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Jun. 25, 1964 - Fates of 7,000 Still Unknow
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2014-01-02 15:25:13  |  Hit 2110

Fourteen years of sorrow, but fates of some 7,000 civilian abductees still unknown
P.3, Chosun Daily, Jun. 25, 1964

Fourteen years have passed since the bloody fratricidal war broke out on June 25, 1950, on the Korean Peninsula. However, there still is no news of our 7,034 (registered) brothers and sisters abducted by North Korea. At the 19th International Red Cross Conference in 1957, 337 civilian abductees were reported to be safe and sound in North Korea based on data provided by the North Korean Red Cross. But now, as we mark another grim anniversary of the Korean War, North Korea still refuses to cooperate, leaving the fates of remaining civilian abductees in question.

The then-Korean Foreign Affairs Minister, Byeon Yeong-tae, initiated discussion on the repatriation of civilian abductees with the International Red Cross at the Geneva Conference in May 1954. The Korean Red Cross attempted to further develop the discussion but to no avail, only to push the bereaved families into oblivion. The number of civilian abductees reported to the Korean Red Cross from June 15 to August 15, 1956 was 8,322, although that figure was revised to 7,034 following the exclusion of overlapping and uncertain reports.

The figures represent only civilian abductees, and excludes those who:1) volunteered for the Volunteer Army, 2) collaborated with the enemy or took pity on them, and 3) defected to North Korea of their own accord.
North Korea announced the fates of some of the civilian abductees at the 19thGeneral Assembly of the International Red Cross in New Delhi. The North reported a list of 337 survivors in November 1957. No news is known about the other abductees. At first, North Korea insisted that it had not abducted any civilians, but itreported a list of 337 surviving civilian abductees on the last day of the international conference.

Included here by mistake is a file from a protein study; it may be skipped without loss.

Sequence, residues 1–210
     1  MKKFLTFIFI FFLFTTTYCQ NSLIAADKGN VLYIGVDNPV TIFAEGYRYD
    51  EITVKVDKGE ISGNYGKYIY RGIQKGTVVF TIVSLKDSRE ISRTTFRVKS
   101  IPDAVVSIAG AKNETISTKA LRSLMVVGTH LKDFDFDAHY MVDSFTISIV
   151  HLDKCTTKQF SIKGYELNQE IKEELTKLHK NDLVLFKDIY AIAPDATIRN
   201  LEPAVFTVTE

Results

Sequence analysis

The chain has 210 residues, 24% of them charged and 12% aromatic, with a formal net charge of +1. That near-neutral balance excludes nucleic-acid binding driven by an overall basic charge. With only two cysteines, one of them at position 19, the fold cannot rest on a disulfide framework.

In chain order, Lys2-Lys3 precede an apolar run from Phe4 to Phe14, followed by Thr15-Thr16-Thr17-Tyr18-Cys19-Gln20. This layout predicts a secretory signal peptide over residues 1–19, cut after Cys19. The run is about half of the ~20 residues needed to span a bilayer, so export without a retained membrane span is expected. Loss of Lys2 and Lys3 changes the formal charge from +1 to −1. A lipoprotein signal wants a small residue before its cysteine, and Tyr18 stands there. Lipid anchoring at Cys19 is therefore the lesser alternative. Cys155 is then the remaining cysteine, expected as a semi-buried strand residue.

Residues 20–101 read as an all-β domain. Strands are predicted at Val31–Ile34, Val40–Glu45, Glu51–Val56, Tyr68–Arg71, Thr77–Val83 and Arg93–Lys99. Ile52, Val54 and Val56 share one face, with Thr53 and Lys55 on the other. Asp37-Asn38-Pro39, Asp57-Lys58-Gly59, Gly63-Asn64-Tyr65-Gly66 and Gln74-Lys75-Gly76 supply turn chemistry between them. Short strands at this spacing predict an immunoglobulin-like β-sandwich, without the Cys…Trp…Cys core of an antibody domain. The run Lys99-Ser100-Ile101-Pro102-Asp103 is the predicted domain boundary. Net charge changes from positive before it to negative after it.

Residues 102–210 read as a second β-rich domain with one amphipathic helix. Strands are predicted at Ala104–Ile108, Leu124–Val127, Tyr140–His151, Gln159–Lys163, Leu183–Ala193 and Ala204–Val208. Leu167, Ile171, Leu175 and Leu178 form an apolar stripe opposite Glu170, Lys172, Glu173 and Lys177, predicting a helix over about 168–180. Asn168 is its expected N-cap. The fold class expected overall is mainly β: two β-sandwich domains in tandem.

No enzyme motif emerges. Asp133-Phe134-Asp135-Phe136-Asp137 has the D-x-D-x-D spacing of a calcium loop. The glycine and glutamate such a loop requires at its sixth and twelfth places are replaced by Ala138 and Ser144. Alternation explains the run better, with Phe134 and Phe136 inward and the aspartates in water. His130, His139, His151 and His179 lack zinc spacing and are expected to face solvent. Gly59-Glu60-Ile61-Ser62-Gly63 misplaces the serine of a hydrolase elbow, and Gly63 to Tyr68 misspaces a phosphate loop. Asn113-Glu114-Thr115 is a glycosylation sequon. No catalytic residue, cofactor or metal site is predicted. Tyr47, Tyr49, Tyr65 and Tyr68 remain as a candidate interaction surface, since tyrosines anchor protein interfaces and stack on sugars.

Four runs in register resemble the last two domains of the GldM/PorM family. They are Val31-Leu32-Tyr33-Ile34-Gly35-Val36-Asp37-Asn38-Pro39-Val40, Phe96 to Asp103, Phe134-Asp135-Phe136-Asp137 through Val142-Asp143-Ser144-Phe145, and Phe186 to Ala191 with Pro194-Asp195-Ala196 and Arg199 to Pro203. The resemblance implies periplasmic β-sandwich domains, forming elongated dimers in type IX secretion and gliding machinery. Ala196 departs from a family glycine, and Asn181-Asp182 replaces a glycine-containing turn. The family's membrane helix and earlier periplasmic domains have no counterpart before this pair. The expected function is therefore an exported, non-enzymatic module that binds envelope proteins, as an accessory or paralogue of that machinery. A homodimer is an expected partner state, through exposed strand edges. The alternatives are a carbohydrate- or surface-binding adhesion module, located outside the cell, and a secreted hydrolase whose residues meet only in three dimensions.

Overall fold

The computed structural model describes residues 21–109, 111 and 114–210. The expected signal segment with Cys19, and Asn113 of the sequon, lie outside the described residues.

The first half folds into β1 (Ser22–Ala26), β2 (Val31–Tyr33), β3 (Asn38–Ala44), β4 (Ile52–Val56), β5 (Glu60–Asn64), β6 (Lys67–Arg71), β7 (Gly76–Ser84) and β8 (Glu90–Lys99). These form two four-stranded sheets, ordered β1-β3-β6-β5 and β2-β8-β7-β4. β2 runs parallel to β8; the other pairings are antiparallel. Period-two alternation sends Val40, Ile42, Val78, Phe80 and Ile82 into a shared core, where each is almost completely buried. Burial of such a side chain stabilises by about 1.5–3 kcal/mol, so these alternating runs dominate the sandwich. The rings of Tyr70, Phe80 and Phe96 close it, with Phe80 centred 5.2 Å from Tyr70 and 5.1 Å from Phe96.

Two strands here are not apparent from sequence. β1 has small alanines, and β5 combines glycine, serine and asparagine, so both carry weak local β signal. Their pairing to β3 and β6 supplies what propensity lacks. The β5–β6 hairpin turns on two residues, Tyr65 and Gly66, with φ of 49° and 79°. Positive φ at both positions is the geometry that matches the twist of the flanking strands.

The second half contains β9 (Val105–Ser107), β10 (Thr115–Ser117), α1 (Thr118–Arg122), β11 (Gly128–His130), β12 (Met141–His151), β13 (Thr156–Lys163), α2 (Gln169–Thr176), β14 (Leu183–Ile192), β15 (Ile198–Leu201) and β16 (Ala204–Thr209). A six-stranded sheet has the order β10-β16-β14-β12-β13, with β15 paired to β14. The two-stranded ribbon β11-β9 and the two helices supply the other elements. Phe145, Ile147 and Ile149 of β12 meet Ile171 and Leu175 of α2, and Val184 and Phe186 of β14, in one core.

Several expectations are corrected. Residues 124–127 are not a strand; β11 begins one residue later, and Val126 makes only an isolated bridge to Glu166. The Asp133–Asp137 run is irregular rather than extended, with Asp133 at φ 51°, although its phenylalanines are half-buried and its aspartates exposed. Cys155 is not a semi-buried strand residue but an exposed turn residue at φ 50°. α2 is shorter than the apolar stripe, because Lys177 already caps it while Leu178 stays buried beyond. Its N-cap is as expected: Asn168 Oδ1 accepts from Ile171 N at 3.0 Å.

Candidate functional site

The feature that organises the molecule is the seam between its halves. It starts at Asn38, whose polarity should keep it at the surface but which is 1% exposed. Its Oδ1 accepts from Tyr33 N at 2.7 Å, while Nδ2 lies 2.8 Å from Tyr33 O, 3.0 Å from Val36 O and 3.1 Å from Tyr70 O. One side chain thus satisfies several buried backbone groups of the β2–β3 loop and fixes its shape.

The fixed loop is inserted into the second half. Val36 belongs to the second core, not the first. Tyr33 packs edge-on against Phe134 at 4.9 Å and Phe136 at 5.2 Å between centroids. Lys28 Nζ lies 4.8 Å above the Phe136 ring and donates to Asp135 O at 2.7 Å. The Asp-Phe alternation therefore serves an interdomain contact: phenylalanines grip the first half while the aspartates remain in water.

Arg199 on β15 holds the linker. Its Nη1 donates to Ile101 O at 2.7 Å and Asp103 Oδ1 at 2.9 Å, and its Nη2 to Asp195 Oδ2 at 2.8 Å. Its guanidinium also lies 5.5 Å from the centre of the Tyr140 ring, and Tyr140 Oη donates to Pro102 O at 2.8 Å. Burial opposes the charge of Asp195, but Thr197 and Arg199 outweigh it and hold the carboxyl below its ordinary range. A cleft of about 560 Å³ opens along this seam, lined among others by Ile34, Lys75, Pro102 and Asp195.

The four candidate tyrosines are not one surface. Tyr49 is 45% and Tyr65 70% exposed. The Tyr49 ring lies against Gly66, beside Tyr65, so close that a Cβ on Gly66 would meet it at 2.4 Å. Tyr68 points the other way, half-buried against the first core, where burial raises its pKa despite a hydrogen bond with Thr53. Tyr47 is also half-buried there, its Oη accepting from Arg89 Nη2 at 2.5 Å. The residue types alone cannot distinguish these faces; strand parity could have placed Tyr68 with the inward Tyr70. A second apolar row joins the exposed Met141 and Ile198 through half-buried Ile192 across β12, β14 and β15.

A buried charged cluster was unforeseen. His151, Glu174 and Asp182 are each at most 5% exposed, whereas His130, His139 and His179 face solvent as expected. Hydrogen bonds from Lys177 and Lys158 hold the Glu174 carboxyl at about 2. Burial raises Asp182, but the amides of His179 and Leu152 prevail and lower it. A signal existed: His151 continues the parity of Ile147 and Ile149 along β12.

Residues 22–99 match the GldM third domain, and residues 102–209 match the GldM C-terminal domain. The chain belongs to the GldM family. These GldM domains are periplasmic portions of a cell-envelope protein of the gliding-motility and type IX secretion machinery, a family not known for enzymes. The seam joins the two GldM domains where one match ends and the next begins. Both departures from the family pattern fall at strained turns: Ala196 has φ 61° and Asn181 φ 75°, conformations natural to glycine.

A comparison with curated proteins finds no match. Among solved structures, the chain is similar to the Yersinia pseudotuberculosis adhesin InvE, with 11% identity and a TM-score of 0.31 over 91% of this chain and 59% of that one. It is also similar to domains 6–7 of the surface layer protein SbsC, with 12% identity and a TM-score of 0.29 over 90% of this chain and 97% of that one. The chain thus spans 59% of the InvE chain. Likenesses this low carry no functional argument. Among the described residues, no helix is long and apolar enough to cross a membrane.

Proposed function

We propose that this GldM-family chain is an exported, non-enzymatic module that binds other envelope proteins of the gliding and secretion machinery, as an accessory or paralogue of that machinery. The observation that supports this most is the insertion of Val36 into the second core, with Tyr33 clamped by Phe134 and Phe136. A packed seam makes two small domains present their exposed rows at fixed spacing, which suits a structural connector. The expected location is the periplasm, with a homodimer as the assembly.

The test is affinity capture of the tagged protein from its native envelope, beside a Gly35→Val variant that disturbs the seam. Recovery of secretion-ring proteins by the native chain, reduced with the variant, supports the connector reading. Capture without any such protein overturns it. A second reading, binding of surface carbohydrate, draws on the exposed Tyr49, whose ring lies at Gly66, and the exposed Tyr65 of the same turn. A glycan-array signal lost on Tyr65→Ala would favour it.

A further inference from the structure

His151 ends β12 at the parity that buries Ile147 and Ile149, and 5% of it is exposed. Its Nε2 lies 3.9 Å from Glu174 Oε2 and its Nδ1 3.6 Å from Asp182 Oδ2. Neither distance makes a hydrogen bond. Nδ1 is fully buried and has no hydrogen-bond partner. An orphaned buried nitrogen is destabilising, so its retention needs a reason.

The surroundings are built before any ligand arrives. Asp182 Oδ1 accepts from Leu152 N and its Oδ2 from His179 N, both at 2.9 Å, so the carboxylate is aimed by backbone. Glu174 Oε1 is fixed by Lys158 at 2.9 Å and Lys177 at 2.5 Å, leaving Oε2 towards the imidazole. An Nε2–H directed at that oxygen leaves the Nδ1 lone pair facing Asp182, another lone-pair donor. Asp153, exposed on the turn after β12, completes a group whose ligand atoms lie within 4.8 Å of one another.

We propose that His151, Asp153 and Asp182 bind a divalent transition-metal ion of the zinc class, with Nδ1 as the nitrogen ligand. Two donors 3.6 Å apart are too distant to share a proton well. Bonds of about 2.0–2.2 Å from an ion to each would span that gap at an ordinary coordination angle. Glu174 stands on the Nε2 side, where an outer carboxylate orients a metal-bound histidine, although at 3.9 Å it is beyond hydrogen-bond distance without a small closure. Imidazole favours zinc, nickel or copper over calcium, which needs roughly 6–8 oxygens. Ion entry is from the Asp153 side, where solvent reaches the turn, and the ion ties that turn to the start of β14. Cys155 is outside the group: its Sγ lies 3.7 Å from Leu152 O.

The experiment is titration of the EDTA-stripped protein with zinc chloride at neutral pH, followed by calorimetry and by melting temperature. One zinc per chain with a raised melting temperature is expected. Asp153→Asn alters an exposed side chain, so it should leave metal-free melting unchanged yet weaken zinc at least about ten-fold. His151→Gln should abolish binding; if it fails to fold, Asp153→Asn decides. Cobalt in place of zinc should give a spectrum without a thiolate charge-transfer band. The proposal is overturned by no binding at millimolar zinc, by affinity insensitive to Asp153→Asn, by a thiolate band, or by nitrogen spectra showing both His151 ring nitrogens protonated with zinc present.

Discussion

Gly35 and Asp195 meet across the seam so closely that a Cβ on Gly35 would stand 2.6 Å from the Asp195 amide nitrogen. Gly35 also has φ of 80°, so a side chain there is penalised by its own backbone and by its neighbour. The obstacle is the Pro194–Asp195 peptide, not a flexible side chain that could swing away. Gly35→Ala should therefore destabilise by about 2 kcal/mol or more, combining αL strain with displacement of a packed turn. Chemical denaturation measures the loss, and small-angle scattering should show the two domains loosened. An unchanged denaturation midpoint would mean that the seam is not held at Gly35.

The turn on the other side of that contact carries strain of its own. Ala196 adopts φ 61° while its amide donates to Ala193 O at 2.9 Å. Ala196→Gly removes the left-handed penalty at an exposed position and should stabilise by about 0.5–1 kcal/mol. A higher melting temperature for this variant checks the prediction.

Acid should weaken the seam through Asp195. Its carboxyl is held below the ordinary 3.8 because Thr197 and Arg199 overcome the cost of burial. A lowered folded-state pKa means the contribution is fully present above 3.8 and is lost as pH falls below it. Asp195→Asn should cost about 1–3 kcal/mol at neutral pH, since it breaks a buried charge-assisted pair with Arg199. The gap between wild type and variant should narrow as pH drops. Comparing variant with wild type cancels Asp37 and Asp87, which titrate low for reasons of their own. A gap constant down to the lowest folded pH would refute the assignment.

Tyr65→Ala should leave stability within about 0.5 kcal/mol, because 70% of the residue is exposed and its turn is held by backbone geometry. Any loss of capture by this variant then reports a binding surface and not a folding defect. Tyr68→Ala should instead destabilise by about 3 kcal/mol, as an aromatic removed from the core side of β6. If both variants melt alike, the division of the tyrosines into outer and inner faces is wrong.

According to the June edition of Press Office published on June 30, 1960, the number of civilian victims from the outbreak of the Korean War on June 25, 1950 to July 27, 1953, was 990,996. Of them, 84,532 are assumed to have been kidnapped while the remaining 303,212 are classified as missing. The issue of the repatriation of civilian abductees has lost steam, with even the exact numbers unknown. This article looks into how the government and Red Cross have been dealing with this issue.

North Korean Red Cross announces the fates of only 337 civilian abductees
Fates of other unreported people still unknown

◇ Detailed account of negotiations

▲ Then-Foreign Affairs Minister of Korea Byeon Yeong-tae attended the Geneva International Conference in May, 1954, and discussed the issue of civilian abductee repatriation with representatives of the International Red Cross.

▲ On May 9, 1956, William H. Mitchell and Eugene Dewbic, representatives of the International Red Cross who were then visiting Southeast Asia, came to South Korea and discussed the matter of repatriating civilian abductees with representatives of the Korean Red Cross. The International Red Cross representatives held a preliminary meeting with Korean Red Cross representatives Kim Sin-sil and Kim Ho-jin on May 10. In the meeting, they decided to adopt the following as agenda items for the ICRC General Assembly:1) investigating the fates of civilian abductees; 2) examining the treatment of student prisoners repatriated to India and prisoners sent to Brazil; and 3) accelerating the process of bringing back South Korean soldiers repatriated from North Korea.